[nSLUG] PVR systems

Ted Tibbetts intuited at gmail.com
Fri Feb 11 00:09:52 AST 2011

On Thu, Feb 10, 2011 at 9:58 PM, Daniel Morrison <draker at gmail.com> wrote:
> > Back to the original question "is MythTV appropriate for a non technical
> person?".
> Ted carefully laid out four original questions -- I'm afraid that is
> not one of them.

I'm a bit afraid of that myself, since it was chief among the questions I
*intended* to pose.

Is it reasonable to expect a cost saving for a MythTV system vs a
proprietary box?  I would think that the proprietary boxes might be a bit
cheaper to build since they are not as general purpose.  Though, this may be
balanced out by the economy of scale in using general-purpose parts.  I
wouldn't expect that any tremendous amount of money is spent on OS
development for these things, so the proprietary software may not add much
to the price tag.

I'm intrigued by the remote sub-thread.  Good remote functionality is
essential, at least for my use case.  Having to use a keyboard would be a
sure dealbreaker.  Even as a gift.  Picture the intended recipient as the
subject of "$#!^ My Dad Says" and you may have some idea of what's needed.

Please correct me if I'm wrong, but I believe that ext3, even with
journaling enabled, will normally run a periodic fsck based on elapsed time
(6 months?) or number of boots since the last check.  Although this doesn't
(in my experience) require user interaction -- unless you want to skip it --
it would be annoying to have to wait 10 minutes or whatever for it to finish
before you could watch TV.  But then maybe they've disabled the check, at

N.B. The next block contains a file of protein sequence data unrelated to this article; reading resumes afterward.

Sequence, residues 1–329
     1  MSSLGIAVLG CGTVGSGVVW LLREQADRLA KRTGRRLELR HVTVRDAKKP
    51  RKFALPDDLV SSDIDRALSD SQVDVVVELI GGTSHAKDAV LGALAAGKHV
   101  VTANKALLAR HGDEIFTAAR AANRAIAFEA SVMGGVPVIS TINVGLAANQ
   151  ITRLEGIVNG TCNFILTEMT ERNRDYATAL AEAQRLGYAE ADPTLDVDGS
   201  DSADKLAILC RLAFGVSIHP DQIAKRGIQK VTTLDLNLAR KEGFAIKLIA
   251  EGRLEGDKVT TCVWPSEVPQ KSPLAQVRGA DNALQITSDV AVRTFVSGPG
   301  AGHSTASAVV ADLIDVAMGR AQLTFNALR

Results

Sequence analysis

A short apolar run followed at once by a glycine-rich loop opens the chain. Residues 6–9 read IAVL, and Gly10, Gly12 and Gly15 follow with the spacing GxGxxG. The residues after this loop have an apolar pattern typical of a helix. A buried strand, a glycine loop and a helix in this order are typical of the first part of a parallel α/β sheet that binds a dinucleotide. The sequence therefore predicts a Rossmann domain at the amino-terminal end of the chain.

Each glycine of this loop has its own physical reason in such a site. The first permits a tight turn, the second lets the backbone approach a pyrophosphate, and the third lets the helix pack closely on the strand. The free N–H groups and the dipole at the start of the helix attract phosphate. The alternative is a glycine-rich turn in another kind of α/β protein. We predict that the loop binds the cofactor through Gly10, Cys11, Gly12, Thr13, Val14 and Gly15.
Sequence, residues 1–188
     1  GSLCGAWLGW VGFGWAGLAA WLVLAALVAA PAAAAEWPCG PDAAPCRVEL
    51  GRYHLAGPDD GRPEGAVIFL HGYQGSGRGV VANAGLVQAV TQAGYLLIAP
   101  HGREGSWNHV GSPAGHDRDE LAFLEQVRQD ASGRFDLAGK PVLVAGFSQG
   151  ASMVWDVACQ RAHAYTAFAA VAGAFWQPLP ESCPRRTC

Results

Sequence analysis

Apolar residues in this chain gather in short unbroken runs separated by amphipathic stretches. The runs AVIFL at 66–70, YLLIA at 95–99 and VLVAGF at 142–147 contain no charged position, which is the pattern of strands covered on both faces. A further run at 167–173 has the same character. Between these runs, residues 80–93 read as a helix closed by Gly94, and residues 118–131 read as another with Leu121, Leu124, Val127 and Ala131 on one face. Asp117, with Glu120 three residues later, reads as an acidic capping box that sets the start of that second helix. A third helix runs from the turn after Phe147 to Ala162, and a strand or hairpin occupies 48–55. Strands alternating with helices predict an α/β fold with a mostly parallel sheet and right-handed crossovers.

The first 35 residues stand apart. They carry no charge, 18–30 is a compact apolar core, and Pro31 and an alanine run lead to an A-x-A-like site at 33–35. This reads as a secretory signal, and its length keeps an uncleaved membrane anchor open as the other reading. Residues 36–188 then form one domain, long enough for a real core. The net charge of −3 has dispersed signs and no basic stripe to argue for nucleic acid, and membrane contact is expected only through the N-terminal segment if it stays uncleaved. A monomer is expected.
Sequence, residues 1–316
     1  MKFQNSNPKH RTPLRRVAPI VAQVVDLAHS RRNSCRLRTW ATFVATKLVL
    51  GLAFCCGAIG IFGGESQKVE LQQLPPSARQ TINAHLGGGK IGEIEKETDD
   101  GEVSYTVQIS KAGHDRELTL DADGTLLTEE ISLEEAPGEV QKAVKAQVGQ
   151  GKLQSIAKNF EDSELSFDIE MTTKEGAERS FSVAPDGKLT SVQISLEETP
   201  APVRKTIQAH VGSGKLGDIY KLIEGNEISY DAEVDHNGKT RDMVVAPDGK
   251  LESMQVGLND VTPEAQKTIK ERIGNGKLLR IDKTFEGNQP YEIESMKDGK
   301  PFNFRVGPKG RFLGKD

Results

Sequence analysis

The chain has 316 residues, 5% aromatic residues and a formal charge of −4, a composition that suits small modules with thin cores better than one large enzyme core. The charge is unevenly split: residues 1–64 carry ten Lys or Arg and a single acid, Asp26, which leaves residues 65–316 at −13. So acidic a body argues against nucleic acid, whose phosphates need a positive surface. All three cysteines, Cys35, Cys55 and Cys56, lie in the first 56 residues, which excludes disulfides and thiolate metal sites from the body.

whatever peril that entails, or otherwise avoided such issues.  Actually it
seems like it would be ideal to run the core system off of a read-only
volume, maybe on a small flash drive.  You'd still have to wait for it to
fsck your terabytes of figure skating competitions or what have you, but at
least they could handle the situation more gracefully by doing it after boot
with some sort of informative user notification, and making some
functionality available in the meantime.

Daniel, thanks for the tip about the Shuttle.  It's not quite the right form
factor, though -- I think my target recipient would prefer something more
vcr-shaped that could fit into the limited height of the cabinet space under
the TV, especially if the thing has a DVD slot.  Also, it seems like a P4,
in addition to being hot, and thereby presumably loud, might not be able to
deal with the demands of HD.  My Pentium M 1.4GHz laptop is a bit too slow
to play compressed 1080p video without dropping frames.  Of course much of
this depends on how much work is done by the video card(s); the laptop has a
lustreless old intel craphics chip.  I noticed that one of the four Shuttles
has an Athlon 64 CPU; I'm not sure how they compare to the P4.

Anyway, thanks to all for your contributions.  I'm still very much undecided
on this, and any further revelations will be read with avid interest.


> On 10 February 2011 19:45, Michael Sutherland <mike at checkthisshitout.com>